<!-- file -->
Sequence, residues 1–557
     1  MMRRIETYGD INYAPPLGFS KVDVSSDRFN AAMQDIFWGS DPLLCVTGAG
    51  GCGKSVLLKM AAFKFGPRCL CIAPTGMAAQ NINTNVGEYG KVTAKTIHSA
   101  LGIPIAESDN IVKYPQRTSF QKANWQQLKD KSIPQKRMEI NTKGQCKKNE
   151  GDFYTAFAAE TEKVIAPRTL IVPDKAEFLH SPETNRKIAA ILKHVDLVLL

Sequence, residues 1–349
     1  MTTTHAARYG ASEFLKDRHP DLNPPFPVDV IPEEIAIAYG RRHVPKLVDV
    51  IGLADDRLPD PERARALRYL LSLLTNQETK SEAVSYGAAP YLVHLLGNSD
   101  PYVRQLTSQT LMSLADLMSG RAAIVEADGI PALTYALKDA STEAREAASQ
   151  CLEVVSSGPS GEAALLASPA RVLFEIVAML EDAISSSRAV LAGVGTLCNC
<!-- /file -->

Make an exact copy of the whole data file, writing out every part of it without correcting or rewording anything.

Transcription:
Sequence, residues 1–557
     1  MMRRIETYGD INYAPPLGFS KVDVSSDRFN AAMQDIFWGS DPLLCVTGAG
    51  GCGKSVLLKM AAFKFGPRCL CIAPTGMAAQ NINTNVGEYG KVTAKTIHSA
   101  LGIPIAESDN IVKYPQRTSF QKANWQQLKD KSIPQKRMEI NTKGQCKKNE
   151  GDFYTAFAAE TEKVIAPRTL IVPDKAEFLH SPETNRKIAA ILKHVDLVLL

Sequence, residues 1–349
     1  MTTTHAARYG ASEFLKDRHP DLNPPFPVDV IPEEIAIAYG RRHVPKLVDV
    51  IGLADDRLPD PERARALRYL LSLLTNQETK SEAVSYGAAP YLVHLLGNSD
   101  PYVRQLTSQT LMSLADLMSG RAAIVEADGI PALTYALKDA STEAREAASQ
   151  CLEVVSSGPS GEAALLASPA RVLFEIVAML EDAISSSRAV LAGVGTLCNC